The Padfone takes advantage of the brand new Ice Cream Sandwich version of Android, which can re-size itself on the fly. You can also use an optional stylus, aping the functionality of very expensive Windows Tablet PCs.
If that’s not crazy enough, the tablet clips onto a full-size keyboard doc, resulting in what looks like a full featured laptop. Again, it’s all powered by the phone.
Many gadget-happy mobile users have a phone, a tablet and a laptop. Although no pricing has been announced, the ASUS Padfone with all the trimmings will certainly be way, way cheaper than buying an iPhone, iPad and MacBook Air.
The Padfone should be available by summer.
Phone: Lumigon T2
Extreme feature: Functions as a universal remote with in-air gestures
The Danish company Lumigon plans to ship an Android phone called the T2. In addition to looking like a sleek Euro-designed piece of stainless-steel eye candy, the T2 doubles as a universal remote control.
You program it by pointing it at each existing remote control, pressing a button on the remote, then telling the phone which button you pressed. Once programmed, your phone controls your TV and other remotely controllable home appliances just like their dedicated remotes did.
The phone also uses in-the-air gestures like a Wii remote. For example, you can turn the volume up by raising the phone, or go to the next track on an album by moving the phone to the right.
The T2 will ship later this year in Nordic countries, then spread outward from there, arriving in the United States at some unknown date in the future.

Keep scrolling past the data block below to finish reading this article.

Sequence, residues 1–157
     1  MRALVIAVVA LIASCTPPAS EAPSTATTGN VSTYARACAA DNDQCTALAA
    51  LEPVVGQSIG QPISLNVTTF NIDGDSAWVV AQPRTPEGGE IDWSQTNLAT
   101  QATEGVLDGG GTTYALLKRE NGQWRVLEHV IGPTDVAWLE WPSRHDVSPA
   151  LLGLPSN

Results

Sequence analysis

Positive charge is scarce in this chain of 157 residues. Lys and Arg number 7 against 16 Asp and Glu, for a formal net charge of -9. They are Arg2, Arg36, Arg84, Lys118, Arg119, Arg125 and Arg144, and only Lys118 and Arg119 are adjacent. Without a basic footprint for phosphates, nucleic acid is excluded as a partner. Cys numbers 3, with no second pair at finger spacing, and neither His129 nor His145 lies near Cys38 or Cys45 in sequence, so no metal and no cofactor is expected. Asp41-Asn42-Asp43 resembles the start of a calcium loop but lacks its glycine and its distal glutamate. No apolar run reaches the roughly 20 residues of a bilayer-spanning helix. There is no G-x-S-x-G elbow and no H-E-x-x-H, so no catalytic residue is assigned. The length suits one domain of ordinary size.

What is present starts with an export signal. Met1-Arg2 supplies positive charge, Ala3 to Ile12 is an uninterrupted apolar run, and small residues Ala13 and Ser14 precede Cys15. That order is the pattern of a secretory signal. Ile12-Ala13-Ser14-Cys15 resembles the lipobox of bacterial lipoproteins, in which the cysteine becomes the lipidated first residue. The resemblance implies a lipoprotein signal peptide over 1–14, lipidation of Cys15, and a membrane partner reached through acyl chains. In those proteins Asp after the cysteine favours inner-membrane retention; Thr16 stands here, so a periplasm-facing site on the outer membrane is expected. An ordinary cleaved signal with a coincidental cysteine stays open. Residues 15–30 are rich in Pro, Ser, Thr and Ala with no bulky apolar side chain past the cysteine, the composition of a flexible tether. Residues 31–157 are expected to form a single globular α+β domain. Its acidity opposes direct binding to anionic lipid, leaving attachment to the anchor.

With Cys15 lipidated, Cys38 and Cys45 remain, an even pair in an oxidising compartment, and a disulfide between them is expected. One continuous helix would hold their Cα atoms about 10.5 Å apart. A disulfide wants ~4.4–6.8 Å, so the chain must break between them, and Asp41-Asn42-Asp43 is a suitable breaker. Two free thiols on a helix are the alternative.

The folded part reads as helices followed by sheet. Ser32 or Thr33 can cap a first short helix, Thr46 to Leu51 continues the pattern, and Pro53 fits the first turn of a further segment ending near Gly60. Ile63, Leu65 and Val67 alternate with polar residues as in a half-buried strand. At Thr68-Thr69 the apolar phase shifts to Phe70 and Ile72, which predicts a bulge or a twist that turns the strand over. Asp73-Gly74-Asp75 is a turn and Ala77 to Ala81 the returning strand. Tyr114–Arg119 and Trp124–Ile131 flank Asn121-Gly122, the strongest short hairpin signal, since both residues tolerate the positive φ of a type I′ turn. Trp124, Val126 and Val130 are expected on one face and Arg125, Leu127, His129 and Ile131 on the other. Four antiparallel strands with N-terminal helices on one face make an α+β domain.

These three extreme super-phones are not just a little better. They’re WAY ahead of the iPhone in specific applications that really matter to people. And they’re just part of the overwhelming assault the iPhone is facing this year from powerful competition.
For example, LG is preparing to ship a no-glasses 3D smart phone called the LG Optimus 3D Max.
LG also announced what it claims is the fastest smartphone in history: The LG Optimus 4X HD. The quad-core phone is as powerful as a PC, according to the company.
If you like the idea of a smartphone PC, you’ll love the upcoming Ubuntu for Android. The software will turn Android phones into a dual-boot phone and PC.
The way it works is that the installation puts Ubuntu Linux and Android side-by-side on the phone. The phone continues to function normally. But when you plug it into a PC monitor, keyboard and mouse -- or a TV -- Linux and Android both run off the same kernel, and the phone becomes a PC.
Your apps, files and content all function on the big screen, and with keyboard and mouse, but in a Linux environment rather than Android.
The smartphone space is about to launch into crazy new territory with these extreme super-phones.
The iPhone is a mainstream, mass-market phone. And the extreme super-phones are niche products for people with specific needs or obsessions. But together, the new generation of extreme super-phones will be very hard for the iPhone to compete with all by itself.
And whether the iPhone wins or loses, it’s clear that users are the big winners -- especially power-hungry users who want unprecedented capabilities in the pocket device they carry everywhere.